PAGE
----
We similarly compared our variant sites with the GIAB benchmark regions for all seven GIAB samples and found that 15.1% of variants were outside of these regions in at least one of the seven, and 9.7% were outside in all seven using version 3.3.2 GIAB data (Fig. 4c). A new release of version 4.1 GIAB data was available for one sample (HG002) in which only 3.0% of our P/LP variants were outside of the benchmark regions, a remarkable improvement resulting from the GIAB consortium’s recent use of both long- and short-read sequencing with improved bioinformatics.32


The comprehensive assessment of pathogenic variants is crucial to diagnosis of hereditary disorders and clinical decision making. Positive findings often suggest specific treatment or management actions, and equally the lack of findings can suggest a different course. Thus, both high sensitivity and its corollary, high negative predictive value (NPV), are valued in genetic testing. As a historical example, molecular testing for severe hemophilia A had limited utility until the discovery of F8 inversions.33 Subsequently, sensitive tests became available not only for affected patients, but also family counseling, carrier screening, and prenatal diagnosis.34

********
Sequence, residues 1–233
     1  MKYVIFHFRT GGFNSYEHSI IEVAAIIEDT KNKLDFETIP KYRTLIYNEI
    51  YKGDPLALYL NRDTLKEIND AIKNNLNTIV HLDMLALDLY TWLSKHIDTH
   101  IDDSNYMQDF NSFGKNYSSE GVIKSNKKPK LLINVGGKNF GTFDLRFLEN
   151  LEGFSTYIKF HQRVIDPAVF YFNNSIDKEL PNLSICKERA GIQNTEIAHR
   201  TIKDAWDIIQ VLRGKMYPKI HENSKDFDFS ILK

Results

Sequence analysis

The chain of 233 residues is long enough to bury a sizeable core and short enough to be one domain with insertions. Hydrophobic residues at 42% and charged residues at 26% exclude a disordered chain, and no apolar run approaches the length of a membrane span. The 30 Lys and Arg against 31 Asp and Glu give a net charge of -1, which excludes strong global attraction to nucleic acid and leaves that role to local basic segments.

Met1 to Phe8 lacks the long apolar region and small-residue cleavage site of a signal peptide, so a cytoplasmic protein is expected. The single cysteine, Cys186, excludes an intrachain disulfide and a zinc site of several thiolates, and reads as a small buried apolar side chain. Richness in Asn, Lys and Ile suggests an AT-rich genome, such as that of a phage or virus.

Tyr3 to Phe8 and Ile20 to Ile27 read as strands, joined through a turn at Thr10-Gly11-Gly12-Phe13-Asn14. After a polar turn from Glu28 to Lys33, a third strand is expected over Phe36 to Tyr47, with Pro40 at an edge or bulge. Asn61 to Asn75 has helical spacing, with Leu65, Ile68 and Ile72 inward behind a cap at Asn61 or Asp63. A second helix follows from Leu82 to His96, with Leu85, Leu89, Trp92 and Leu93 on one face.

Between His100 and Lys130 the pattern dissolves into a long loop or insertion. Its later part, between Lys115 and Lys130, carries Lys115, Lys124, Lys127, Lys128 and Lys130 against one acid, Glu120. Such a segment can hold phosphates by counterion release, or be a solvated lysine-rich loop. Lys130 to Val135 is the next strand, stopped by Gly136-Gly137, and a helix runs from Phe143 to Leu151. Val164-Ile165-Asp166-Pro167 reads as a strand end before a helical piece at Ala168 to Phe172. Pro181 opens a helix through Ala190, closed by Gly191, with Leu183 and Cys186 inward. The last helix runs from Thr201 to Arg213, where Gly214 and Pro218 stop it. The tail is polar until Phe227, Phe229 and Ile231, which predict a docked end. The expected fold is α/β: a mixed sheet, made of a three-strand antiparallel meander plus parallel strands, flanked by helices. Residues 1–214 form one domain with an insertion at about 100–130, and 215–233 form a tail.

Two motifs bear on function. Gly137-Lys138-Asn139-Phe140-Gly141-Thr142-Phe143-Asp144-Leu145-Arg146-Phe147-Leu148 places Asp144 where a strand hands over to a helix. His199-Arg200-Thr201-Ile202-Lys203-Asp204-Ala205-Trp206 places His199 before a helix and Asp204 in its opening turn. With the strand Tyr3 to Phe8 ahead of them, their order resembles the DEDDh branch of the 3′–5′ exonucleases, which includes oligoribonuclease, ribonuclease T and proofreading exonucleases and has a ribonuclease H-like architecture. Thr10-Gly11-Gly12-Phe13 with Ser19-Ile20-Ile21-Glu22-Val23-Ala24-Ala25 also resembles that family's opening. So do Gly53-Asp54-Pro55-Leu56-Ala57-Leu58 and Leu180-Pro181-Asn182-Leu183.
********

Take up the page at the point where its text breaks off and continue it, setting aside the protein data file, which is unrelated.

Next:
To design and validate (as a lab), or select (as a clinician), the most appropriate tests for any gene or condition, understanding the spectrum of pathogenic variation is important. Our study found that pathogenic variants of technically challenging types for NGS are prevalent across many genes in a large population of patients with diverse clinical indications. These challenging types are heterogeneous and include large indels, small CNVs, mobile element insertions, complex rearrangements, as well as variants within segmental duplications or low-complexity regions. No current NGS platform or current variant calling algorithm can capture all of these variant types. Rather, we found that a battery of algorithms was required and that supplementing short-read NGS with long-read sequencing allowed the resolution of otherwise ambiguous variant calls. Implementing such methods in clinical practice can, however, be complex and require significant expertise and time. Furthermore, we found that NGS methods achieving high sensitivity for some of these variant types also have poor specificity, making confirmatory assays mandatory in some cases, a topic we have detailed separately.21 Of course, “challenging” is a relative term, and the specific definition we used (Fig. 1) may be too conservative for some laboratory methods, and too permissive for others.